A kitchen in January, mindful eating, a recipe for steamed egg custard

New Years Eve

January began with a quiet evening among friends, with blini, pizza bites, haloumi salad, ratatouille, and an Aussie barbecue, welcoming the new year. Do you like the view from our borrowed party pad? 🙂

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Markets

January is a time to restock after the Christmas holidays. Saturday morning, I went to the Eveleigh Markets followed by Paddy’s Markets in Chinatown. Here is part of the morning’s bounty. And, if you want a peek into other people’s kitchens, please visit the “In My Kitchen” posts hosted by Celia of Fig Jam and Lime Cordial.

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Cookbooks

January is a time to dive into cookbooks (that I bought, ie, non-sponsored), three in particular.

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To start, Naomi Duguid’s Burma: Rivers of Flavor. I didn’t need 20 new ingredients and trips to 5 speciality stores to get started. Shallots, turmeric, coriander, fish sauce, supplemented by a few easy-to-make pantry staples (from ingredients available even in good supermarkets in Sydney) resulted in clean yet complex flavours.

We’ve had golden egg curry (excuse the photos from early blogging days…), tamarind and pumpkin curry and travellers eggplant curry. In this heat wave-y weather, we’ve been dipping into salads – coming soon to a blog near you. I’ll come back to this book again and again.

Grapefruit salad, post coming soon...

People who follow The Garum Factory probably also know that Jody Adams and Ken Rivard published a book, In the Hands of a Chef. I recently got a copy, and have been immersed in Jody’s friendly and instructive voice. The approach to food seems to be just how I would like to cook and eat all the time. It serves as a reminder that, on some weekends or when we have friends over, I can take time to make my own stock, get people into the kitchen, make it fun, and focus on fresh seasonal food.

I’ve made the ‘jewel-like’ goat cheese terrine, but didn’t get photos (sorry Jody & Ken). Oliver’s chicken stew is next. To make up for my omission, here’s one from Ken himself – click on the image for their panelles recipe:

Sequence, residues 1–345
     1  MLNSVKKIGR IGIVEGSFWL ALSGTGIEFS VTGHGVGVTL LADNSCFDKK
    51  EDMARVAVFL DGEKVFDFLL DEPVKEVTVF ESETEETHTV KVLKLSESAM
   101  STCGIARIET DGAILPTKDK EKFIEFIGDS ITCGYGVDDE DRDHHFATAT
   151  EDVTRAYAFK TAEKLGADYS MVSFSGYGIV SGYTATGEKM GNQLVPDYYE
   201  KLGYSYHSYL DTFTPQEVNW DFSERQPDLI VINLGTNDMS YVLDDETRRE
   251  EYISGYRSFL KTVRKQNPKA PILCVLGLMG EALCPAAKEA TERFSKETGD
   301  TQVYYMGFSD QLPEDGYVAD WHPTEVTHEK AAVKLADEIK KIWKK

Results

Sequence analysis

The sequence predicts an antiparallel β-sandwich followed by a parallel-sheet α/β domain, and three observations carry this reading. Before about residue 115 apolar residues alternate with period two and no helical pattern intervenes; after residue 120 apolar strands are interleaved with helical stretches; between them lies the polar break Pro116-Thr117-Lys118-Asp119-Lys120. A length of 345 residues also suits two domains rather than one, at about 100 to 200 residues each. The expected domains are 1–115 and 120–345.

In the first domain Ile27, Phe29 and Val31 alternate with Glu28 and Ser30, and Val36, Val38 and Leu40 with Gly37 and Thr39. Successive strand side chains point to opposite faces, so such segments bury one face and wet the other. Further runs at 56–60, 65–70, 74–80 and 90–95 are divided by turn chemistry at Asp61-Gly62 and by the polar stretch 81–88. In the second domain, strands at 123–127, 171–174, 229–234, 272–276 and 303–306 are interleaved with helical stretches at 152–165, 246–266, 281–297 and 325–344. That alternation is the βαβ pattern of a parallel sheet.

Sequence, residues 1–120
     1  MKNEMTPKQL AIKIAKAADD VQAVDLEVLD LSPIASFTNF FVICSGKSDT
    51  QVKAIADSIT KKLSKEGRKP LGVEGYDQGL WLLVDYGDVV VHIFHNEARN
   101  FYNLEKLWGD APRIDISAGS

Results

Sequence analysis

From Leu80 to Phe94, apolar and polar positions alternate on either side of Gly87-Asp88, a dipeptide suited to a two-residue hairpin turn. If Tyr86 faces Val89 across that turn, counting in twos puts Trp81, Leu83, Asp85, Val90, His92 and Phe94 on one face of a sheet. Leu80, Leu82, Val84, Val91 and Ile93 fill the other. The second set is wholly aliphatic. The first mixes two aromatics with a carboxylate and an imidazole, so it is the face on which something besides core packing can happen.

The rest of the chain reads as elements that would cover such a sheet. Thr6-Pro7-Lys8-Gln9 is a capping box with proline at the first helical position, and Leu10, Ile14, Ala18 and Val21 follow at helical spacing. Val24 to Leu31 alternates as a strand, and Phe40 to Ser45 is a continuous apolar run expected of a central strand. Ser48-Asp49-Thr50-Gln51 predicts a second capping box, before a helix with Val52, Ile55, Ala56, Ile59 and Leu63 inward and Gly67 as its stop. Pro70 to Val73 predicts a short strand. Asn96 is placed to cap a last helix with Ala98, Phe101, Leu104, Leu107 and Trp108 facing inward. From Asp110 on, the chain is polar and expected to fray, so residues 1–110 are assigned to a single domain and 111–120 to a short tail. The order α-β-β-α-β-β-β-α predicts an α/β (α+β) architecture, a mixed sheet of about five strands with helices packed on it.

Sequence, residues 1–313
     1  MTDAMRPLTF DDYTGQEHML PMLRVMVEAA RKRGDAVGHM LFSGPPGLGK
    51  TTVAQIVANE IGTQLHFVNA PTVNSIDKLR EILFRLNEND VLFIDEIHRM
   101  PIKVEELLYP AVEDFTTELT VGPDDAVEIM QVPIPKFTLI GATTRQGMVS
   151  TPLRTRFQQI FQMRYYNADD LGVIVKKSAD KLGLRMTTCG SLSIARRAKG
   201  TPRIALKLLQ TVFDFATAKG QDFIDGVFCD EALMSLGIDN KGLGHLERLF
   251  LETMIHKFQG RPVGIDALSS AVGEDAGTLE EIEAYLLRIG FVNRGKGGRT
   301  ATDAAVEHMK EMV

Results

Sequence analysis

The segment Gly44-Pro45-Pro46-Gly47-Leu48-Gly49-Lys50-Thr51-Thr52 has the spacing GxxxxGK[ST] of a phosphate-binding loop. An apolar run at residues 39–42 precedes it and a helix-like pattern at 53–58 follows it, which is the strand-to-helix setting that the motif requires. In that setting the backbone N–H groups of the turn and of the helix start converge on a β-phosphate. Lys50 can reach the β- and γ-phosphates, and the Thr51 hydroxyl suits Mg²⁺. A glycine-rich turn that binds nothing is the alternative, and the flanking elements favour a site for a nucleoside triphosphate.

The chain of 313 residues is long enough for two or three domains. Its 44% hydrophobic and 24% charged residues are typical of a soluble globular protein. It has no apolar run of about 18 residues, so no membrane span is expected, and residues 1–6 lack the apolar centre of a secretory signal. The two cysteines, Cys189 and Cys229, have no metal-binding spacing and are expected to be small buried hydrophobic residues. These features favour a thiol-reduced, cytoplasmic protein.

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Then, I found a copy of Gay Bilson’s Plenty: Digressions on Food. More a memoir and a food history of Sydney than a recipe book, it takes the reader through memories of Gay and Tony Bilson’s restaurants – iconic restaurants of their times, preparing food, the people, the meals. And tucked between the pages, like leaves from Gay’s notebook, are recipes from meals they have served, from chefs who worked in their restaurant.

This line from the cover of the book describes it so well, I won’t try for my own: “Gay Bilson’s writing is in turn cerebral and sensuous, analytical and celebratory, purposeful and playfully digressive.” I’m carrying this book to work, so I can read a few pages during lunch hour. It takes me away from the CBD and reminds me that dinner can be a simple yet pleasurable experience.

image from www.womensnook.com

Mindful eating, a steamed egg custard

And finally (phew!), I read the challenge from Stéphane of My French Heaven to eat mindfully – to eat something with minimum cooking or seasoning, to appreciate it for what it is. Since it was a challenge for ‘real foodies’, how could I say no?

I made steamed egg custard. A recipe from (southern?) China, the simplest version has eggs, water, a touch of salt and pepper: the egg mixture is steamed – gently! – until it just sets.

steamed-egg-custard-01

Simple, yet hard to make just so. Too much stirring, the custard will have bubbles. Too much heat, the custard will seize up and become tough, meaty in texture. Wrong bowls, or too much egg mixture, the outside will overcook before the centre sets. Too much heat, the custard surface will become pockmarked. My first attempt positively puffed up, souffle-like and might have made Julia Child proud – alas.

But get this right, you’ll be rewarded with the silkiest, softest, almost-buttery custard. It just wants to slip past your tongue, and feels like eating nothing at all. The simple version is all about the eggs. Invest in good organic eggs – ones with a thick shell and a bright orange-reddish yolk, from hens scratching for worms in open spaces – and you will have chicken soup for the southern Chinese soul.

Here’s the basic recipe. Give this a go. If you make souffle, congratulate yourself on conquering a French culinary feat and eat it mindfully anyway.

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Steamed egg custard

(similar recipes all over the interwebs)

Ingredients

4 free range eggs
250ml water
1/2 tsp salt
1/4 tsp ground white pepper

To serve and garnish